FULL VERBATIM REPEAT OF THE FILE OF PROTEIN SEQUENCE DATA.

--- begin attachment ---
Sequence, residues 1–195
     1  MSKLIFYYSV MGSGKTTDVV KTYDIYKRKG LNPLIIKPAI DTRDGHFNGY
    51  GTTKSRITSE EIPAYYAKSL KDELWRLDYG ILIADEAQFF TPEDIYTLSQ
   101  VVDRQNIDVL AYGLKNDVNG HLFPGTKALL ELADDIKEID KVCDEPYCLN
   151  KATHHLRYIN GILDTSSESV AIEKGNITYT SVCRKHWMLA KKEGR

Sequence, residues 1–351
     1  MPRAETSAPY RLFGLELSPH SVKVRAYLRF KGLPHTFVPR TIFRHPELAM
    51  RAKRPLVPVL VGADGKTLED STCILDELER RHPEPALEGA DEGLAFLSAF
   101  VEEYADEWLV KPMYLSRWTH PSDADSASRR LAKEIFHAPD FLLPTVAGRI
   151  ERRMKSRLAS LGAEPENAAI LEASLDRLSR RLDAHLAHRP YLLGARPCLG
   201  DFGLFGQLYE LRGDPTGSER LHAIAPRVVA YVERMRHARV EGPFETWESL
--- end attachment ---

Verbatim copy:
Sequence, residues 1–195
     1  MSKLIFYYSV MGSGKTTDVV KTYDIYKRKG LNPLIIKPAI DTRDGHFNGY
    51  GTTKSRITSE EIPAYYAKSL KDELWRLDYG ILIADEAQFF TPEDIYTLSQ
   101  VVDRQNIDVL AYGLKNDVNG HLFPGTKALL ELADDIKEID KVCDEPYCLN
   151  KATHHLRYIN GILDTSSESV AIEKGNITYT SVCRKHWMLA KKEGR

Sequence, residues 1–351
     1  MPRAETSAPY RLFGLELSPH SVKVRAYLRF KGLPHTFVPR TIFRHPELAM
    51  RAKRPLVPVL VGADGKTLED STCILDELER RHPEPALEGA DEGLAFLSAF
   101  VEEYADEWLV KPMYLSRWTH PSDADSASRR LAKEIFHAPD FLLPTVAGRI
   151  ERRMKSRLAS LGAEPENAAI LEASLDRLSR RLDAHLAHRP YLLGARPCLG
   201  DFGLFGQLYE LRGDPTGSER LHAIAPRVVA YVERMRHARV EGPFETWESL